Turning Bad News into the Best News

ian schneider 66374

In his lecture tour of the Wild West in the 1882, Oscar Wilde saw a notice posted outside a Denver saloon that read “Please do not shoot the pianist. He is doing his best.

A similar sentiment must hold true for consultants – when we present “bad news,” don’t blame us. We’re doing our best!

In 2012, I delivered a Campaign Strategy Study report, Alexander Haas’ version of a feasibility study report, to the church leadership at Good Shepherd Episcopal Church & School. In the report, we found they could raise one third of their proposed $15 million goal based on their current planning and approach. The group sat in stunned silence before one leader spoke up saying they were determined to persevere and begin the work of “proving the report (and the consultant) wrong.”

Fast forward to 2017 and the parish successfully raised over three times what was recommended as a preliminary goal. In fact, they have gone well beyond their original goal, raising over $18 million with an increased ultimate goal of $20 million.

Why is there such a difference between what the study findings stated and what the church ultimately accomplished?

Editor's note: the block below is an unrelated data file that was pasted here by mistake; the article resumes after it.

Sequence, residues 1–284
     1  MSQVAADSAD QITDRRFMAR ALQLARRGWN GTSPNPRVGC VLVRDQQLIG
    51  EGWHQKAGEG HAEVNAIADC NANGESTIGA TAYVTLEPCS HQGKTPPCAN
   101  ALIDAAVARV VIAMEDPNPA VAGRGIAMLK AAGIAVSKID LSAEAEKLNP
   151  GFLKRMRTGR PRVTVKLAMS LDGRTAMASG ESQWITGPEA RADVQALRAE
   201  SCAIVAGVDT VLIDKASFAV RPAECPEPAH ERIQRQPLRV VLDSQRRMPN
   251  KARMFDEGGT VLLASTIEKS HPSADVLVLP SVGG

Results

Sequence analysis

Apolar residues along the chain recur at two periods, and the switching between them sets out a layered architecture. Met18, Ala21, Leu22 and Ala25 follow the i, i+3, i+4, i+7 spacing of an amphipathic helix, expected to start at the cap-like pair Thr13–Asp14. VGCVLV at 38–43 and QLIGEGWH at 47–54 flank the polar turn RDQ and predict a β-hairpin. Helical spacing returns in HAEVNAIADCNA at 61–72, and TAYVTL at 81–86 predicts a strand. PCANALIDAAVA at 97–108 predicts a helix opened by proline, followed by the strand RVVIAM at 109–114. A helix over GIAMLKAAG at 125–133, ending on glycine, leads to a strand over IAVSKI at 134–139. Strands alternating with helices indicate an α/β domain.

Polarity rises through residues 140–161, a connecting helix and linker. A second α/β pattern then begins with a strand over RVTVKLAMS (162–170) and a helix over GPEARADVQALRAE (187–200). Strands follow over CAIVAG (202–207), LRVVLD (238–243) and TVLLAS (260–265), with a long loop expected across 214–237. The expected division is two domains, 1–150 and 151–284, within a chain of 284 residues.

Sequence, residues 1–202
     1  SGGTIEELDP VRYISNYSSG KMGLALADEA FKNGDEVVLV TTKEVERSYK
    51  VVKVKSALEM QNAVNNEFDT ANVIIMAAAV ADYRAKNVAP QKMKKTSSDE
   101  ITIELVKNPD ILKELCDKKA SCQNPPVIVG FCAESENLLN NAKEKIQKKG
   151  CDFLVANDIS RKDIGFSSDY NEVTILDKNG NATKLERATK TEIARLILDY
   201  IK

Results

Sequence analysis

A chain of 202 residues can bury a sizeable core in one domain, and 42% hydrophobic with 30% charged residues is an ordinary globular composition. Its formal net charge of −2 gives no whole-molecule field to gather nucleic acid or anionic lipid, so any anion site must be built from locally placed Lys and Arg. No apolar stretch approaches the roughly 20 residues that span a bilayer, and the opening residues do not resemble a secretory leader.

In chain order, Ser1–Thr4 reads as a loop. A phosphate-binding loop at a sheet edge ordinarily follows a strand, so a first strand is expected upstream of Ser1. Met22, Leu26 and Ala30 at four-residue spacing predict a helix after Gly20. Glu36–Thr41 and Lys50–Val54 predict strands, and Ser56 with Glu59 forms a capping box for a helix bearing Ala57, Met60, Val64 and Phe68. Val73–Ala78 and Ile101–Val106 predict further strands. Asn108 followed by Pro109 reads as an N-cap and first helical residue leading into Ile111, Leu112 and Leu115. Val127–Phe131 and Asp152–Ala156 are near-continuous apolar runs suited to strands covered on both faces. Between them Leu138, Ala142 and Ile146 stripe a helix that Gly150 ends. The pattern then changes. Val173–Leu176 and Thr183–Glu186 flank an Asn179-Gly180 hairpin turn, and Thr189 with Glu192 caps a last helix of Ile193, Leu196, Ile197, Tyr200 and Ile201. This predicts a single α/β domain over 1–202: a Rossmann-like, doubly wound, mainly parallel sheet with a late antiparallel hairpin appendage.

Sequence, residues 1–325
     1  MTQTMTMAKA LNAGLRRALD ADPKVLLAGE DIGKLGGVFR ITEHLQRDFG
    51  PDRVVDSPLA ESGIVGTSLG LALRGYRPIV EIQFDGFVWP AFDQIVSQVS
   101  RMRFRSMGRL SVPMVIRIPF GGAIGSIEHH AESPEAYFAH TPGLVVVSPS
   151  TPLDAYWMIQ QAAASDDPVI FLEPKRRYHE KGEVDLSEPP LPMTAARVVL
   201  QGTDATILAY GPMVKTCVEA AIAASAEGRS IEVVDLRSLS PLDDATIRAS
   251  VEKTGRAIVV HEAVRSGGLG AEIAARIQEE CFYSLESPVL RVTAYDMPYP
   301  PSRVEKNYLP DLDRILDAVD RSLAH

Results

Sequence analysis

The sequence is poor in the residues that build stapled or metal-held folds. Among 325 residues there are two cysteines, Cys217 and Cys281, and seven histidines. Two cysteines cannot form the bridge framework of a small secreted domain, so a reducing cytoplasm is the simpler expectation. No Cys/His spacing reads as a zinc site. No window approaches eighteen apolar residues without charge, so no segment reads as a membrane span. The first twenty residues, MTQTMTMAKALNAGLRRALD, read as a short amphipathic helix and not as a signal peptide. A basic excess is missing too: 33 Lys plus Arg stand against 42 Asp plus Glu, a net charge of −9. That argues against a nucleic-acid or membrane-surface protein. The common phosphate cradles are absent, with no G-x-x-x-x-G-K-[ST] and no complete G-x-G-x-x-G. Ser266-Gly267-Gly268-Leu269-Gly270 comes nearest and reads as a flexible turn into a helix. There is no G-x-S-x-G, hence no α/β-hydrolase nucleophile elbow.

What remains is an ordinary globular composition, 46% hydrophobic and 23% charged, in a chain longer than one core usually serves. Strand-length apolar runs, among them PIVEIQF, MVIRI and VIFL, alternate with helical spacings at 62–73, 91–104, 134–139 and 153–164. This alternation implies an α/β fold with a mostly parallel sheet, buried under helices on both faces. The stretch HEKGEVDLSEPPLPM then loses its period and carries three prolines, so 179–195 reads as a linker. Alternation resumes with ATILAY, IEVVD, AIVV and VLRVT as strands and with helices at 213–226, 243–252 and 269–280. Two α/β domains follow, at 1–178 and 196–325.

First, the leadership at the church listened to the findings and the recommendations in spite of disappointing initial news.

Second, they took action to address concerns or questions raised by their members interviewed in the study process.

Third, they used the study to create an attitude of “we CAN do this!” turning their frustration and disappointment into positive action.

Good Shepherd Church & School is only one example of a client who did not let disappointing news stop their efforts. They took time to re-evaluate how they were explaining their case for support and focused efforts on viewing the proposed campaign from the donor’s perspective.

The senior minister, The Rev. Morgan S. Allen, led the way and was instrumental in communicating the vision for the parish’s master plan needs. And his flock responded!

For a summary of the process that led to the campaign and its various construction phases, go to http://gsaustin.org/giving-2/campaign-to-build-the-beloved-community/

When an organization’s leadership takes a report to heart and confidently sets out to implement our recommendations, I have no problem with them exceeding our preliminary recommended goal. In fact, I encourage it!

As their consultant, I did my best – and they responded with their best.

Check out our Campaign Readiness assessment tool to see how prepared your organization is to take on the next campaign and give it your best.

Leave a Reply

Your email address will not be published. Required fields are marked *